Consumers Unwilling to Recommend Insurers

The lack of trust in life insurance by Australian consumers has come about because of a misalignment of interests that began with the demutualisation of the life insurance industry over 20 years ago, claims PPS Mutual Chief Executive, Michael Pillemer.

PPS Mutual, CEO, Michael Pillemer

PPS Mutual, CEO, Michael Pillemer

Commenting after the announcement of the sale of CommInsure to AIA Australia (see: CommInsure to be Sold to AIA), Pillemer said this misalignment has led to consumers becoming unwilling to recommend a life insurer to a friend, according to Net Promoter Score (NPS) data collected by Roy Morgan.

“The core problem is that most insurers are listed companies which place shareholder interests above the needs of their insured customers. Thus, there is a significant misalignment between shareholders’ and policyholders’ interests and because of this, many insurers aren’t well trusted and aren’t seen as making appropriate decisions,” Pillemer said.

“…most Australians would not recommend life insurance companies…given the perceived self-interest of these organisations…”

He added that as the number of life insurers becomes more concentrated improving consumer trust was the biggest challenge facing the life risk insurance sector and the use of NPS data, which indicates how likely consumers would be to recommend an insurance company, shows most Australian insurers have a negative NPS score

“This reflects the tarnished reputation of the industry and also that insurance is a grudge purchase,” Pillemer said, adding these views had been strengthened by perception the largest life insurers have unfairly rejected claims.

“The fact is, most Australians would not recommend life insurance companies and their policies to a friend given the perceived self-interest of these organisations,” he said.

Pillemer recommended life insurers adopt the use of NPS as an objective measure of an insurer’s reputation and to address the recovery of trust and reputation.

 

  • Chris Lucas

    Most people’s interaction with the insurer would be so minimal as to have nothing to recommend. In the advised space, it would be the adviser and not the insurer that would get the recommendation. I do agree however, that there is a general mistrust out there of insurers, this often comes from people’s experiences with general insures though. “I pranged my car and they didn’t pay….” and people not understanding the difference between general and risk insurance

  • Alleycat

    You could also start with the obvious point that since the introduction of the LIF legislation, life companies unilaterally saw the opportunity to
    1. Increase their premiums on Life, Income Protection and TPD policies between 10% -85.0%. In fact one large insurer it was noted increased level premium rates on an acquisition company’s income protection policies by 30.0%.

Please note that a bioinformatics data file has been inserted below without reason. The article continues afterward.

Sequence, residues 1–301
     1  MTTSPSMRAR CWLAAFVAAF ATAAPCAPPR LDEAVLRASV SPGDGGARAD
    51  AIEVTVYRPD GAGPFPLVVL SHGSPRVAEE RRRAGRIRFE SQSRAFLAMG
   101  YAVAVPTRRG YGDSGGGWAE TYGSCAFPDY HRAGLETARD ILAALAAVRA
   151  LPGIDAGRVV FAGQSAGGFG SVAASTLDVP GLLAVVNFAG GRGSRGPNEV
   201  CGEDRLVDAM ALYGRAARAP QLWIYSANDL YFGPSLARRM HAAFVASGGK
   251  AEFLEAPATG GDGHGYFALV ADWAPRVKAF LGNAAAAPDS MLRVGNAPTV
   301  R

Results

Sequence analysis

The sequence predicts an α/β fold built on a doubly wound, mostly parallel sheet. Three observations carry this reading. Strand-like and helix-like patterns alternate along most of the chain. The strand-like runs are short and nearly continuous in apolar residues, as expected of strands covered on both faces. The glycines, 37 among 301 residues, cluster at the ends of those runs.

2. Another company saw the opportunity to remove a “best of breed” IP contract and replace it with an inferior one which doesn’t distinguish the new one from any other.

    3. As Mr Pillemer has stated, poor claims handling by more than the one we are familiar with, and there are several others in that space, has eroded consumer confidence.

    4. And this is the most compelling reason of all.

    There used to be 57 life companies with 378 products available. Now through industry failure, rationalisation, there are 10 life companies with a handful of identical products, So what’s to recommend ?

    5. The enactment of the LIF legislation orchestrated by the FSC will see advisers want to be less involved, due to reduced commissions and 2 year clawback provisions.

    Who will want to recommend that ?

    Clearly the Life insurance industry has decided to rely on direct marketing to consumers, and by eliminating traditional distribution channels, hope that price and price alone will motivate consumers to buy their inferior products.
    What’s been forgotten in this process that’s worked for more than 100 years is that life insurance products have never been bought, they have always been sold, hopefully based on good advice provided by caring advisers.

    Never before have the words “caveat emptor” ever been more relevant on the future of the life insurance industry.

  • Ken

    Most don’t recommend companies as most don’t know who they are with ?? I have been told on numerous occasions I don’t know ? Our accountant set it up if I fix it through the bank
    Faceless names with cheap rates ( they think) as the rankle shown is the ” bothom of the bucket one ”
    Or my wife rang up and did it over the phone no paperwork !! How good is that ? How much was it ?? I don’t know ? She did it she would know ! I think
    ?
    Talk about lambs to the slaughter and it will unfortunately get worse

  • Reg Stenhouse

    consumers only have to call Insurers and the service they receive leaves clients wondering, AMP are a classic example, we the adviser and staff have to wait on hold min 20-30 minutes before we get a sniff of a response. Why would consumers recommend an Insurer when they receive such appalling service.
    When will they ever wake up and honestly admit consumers recommend their trusted Adviser not Insurance companies. Consumers have a far more pleasant and helpful experience calling their adviser to sort out the admin mess some Insurers deliver to clients.
    Advisers should be charging Insurers to fix the mess they leave clients with. Thankfully advisers receive the same docs as clients where we can pickup mistakes or omissions. .